Lack of proper educational facilities in our schools is one of the most important reasons for the educational backwardness in Pakistan.
It is an all-admitted fact that education plays a pivotal role in economic progress and social welfare. Investment in education leads to the reduction of poverty, improvement in health and increase in the pace of economic growth. Besides this, access to education increases the level of political awareness and assists in balancing political and economic progress. For this very reason, the educational sector of every important country strongly emphasizes on encouraging the maximum number of children to go to school and facilitating them to continue their education. International Literacy Day is observed on September 8 each year, to highlight the need for achieving this objective.
This alarming situation requires urgent measures to improve the condition of educational sector in the country, but perhaps, this is not being done, because the existing facts are telling a bitter story about the state of education in the country. Each year, 60 per cent girls and 72 per cent boys belonging to the school going age group, get admission in primary schools in Pakistan. But according to the UNICEF’s State of the World Children Report 2012, 60 per cent of the children who get admission in primary schools in Pakistan are able to reach class five. 29 per cent girls and 36 per cent boys belonging to the secondary school going age group, get admission in secondary schools in Pakistan. According to the Pakistan Education Statistics Report 2010-11 issued by the National Education Management Information System, between 2005-06 and 2010-11, the number of boys getting admission in primary schools decreased by 3.74 per cent. But during the same period, the number of girls getting admission in primary schools increased by 0.83 per cent. It is encouraging to note that the number of school going girls in the country is increasing. However, the decrease in the number of primary school going boys and the slight increase in the number of primary school going girls cannot be so helpful in achieving the target of Universal Primary Education by the year 2015.
Lack of proper educational facilities in our schools is one of the most important reasons for the educational backwardness in Pakistan. According to the statistics provided by the National Education Management Information System, 9.24 per cent of the primary-secondary schools working in the public sector have got no building. 48.59 per cent schools are without electricity. 26.16 per cent schools have got no drinking water for the students and there is no toilet in 27.56 per cent schools. Besides this, 29.30 per cent schools have no boundary wall and 39.59 per cent public schools are in need of repair. The educational backwardness of Pakistan can be further illustrated by the fact that 11.67 per cent of its primary-secondary schools working under the public sector consist of only one classroom and 38.45 per cent schools have got only two classrooms. In addition to this, 4.98 per cent schools in the country are non-functional and are known as ghost schools. They get financial benefits from the budget but their educational outcome is zero. The extremely meager amount of money allocated for the educational sector is another important reason for the deplorable state of education in Pakistan. In 2010-11, 1.8 per cent of the country’s total GDP was spent on education. In 2001-02, it was 1.5 per cent of GDP. Thus, there has been a slight increase in the amount of money spent on education, but even then, it is far less than 4 per cent of the GDP, recommended by international experts for the promotion of education. The increasing level of poverty is another major cause for the country’s educational backwardness. According to the United Nations Educational, Scientific and Cultural Organization (UNESCO), Half of Pakistan’s children belonging to poor families, between the ages of 7 and 16 years, do not go to schools. Five per cent of the children belonging to rich families also remain away from schools. In 2011, UNESCO’s Education For All Global Monitoring Report presented an EFA Development Index for measuring the progress in connection with the achievement of the goals set for Education For All. According to this index, Pakistan stood at #119 among the 127 countries of the world, whose statistics were available. The condition of some other South Asian countries was better than that of Pakistan. The Ranking of these South Asian countries in accordance with this index is as follows: Maldives 54, Bhutan 101, India 107, and Bangladesh 112.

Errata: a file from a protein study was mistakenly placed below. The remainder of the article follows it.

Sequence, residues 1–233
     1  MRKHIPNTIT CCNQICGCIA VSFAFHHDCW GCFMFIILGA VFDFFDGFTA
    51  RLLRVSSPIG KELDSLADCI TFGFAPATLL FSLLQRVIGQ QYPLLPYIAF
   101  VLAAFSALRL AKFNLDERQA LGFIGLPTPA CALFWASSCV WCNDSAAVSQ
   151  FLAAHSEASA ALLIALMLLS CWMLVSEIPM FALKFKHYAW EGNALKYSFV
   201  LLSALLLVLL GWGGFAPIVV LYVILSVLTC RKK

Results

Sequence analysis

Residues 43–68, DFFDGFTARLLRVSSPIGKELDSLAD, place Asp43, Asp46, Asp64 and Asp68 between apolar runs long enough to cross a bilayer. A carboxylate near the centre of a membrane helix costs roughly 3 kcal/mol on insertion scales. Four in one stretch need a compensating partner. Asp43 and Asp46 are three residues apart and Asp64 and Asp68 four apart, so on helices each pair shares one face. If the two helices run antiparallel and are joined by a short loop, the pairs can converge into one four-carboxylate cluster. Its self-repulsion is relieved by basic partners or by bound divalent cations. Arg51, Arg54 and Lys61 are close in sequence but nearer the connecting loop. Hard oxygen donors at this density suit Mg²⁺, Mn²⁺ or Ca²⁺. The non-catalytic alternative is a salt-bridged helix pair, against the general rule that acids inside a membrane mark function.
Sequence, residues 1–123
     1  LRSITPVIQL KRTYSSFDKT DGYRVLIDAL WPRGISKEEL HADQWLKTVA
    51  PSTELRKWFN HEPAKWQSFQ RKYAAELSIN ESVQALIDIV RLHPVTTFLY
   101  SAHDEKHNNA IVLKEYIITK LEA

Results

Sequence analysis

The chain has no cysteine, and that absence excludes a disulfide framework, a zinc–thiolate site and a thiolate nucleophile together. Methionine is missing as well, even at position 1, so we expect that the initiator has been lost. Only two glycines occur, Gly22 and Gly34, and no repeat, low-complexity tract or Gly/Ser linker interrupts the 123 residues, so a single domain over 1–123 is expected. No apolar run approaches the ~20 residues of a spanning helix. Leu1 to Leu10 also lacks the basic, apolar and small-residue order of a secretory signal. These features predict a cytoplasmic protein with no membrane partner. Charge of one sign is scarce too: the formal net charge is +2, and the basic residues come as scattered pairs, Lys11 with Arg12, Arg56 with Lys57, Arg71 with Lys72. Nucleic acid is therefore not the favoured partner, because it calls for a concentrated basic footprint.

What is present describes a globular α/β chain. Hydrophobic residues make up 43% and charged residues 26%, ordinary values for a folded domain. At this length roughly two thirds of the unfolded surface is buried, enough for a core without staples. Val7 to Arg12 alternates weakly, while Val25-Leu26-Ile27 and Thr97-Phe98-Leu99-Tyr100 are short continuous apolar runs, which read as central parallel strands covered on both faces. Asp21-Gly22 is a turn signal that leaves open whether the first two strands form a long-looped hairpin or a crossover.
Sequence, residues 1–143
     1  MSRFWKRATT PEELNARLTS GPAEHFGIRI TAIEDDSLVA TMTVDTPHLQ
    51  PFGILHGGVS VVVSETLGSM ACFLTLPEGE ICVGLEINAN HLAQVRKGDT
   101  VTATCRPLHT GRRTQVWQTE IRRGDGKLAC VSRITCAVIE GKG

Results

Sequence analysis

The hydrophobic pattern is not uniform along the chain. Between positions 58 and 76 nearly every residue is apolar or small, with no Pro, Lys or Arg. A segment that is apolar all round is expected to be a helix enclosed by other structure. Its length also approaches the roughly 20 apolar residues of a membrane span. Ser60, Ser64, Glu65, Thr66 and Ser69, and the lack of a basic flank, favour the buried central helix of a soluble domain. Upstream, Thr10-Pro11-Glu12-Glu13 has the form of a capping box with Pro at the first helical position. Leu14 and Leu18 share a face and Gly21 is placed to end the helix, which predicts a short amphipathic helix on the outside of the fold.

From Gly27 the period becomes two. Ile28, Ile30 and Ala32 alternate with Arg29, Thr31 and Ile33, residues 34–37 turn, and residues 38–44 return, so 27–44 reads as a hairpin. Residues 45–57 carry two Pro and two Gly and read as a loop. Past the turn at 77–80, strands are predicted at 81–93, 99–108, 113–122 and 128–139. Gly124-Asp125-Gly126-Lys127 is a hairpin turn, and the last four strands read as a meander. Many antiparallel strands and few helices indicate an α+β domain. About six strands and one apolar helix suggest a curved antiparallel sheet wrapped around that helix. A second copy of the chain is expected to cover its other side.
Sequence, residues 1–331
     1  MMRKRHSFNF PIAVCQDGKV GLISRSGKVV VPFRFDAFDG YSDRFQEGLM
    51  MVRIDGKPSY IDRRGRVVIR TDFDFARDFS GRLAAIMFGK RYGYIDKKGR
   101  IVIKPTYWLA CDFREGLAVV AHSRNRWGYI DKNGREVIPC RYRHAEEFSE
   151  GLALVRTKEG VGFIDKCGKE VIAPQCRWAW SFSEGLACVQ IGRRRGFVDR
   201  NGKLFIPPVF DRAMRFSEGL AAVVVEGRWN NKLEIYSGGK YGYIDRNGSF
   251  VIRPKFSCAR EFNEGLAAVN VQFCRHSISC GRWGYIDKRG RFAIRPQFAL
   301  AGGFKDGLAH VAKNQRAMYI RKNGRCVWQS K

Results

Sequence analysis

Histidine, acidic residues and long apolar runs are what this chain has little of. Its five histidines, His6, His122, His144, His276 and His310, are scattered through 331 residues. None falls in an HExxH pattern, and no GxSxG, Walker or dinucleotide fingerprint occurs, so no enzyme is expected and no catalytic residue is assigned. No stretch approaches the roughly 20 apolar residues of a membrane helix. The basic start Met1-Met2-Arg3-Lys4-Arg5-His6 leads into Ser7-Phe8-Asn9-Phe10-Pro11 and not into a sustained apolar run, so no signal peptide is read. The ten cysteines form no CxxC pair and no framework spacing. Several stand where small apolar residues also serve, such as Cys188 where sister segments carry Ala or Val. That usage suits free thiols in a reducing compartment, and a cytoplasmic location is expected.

Secondly, experts are of the view that educated mothers increase the chances of better nutrition and survival of their children. Twenty-six per cent children of the world, who are at the age of 5 or below, are shorter than the other children of their age. In the same way, 14 per cent children are underweighted at the time of their birth. For this reason, if mothers are educated, there are fewer chances of their children being underweighted or having shorter stature. Every additional year of education of mothers, reduces the chances of the death of their children by seven to nine per cent.
Fifthly, education is essential and highly significant, because it is instrumental in promoting democratic values and strengthening the process of positive participation in social and public activities. International research has proved that educated voters, even if their education is up to the primary level, are 1.5 per cent more supportive of democracy than illiterate voters. In the same way, those who have received secondary education are three times more enthusiastic supporters of democracy than illiterate voters.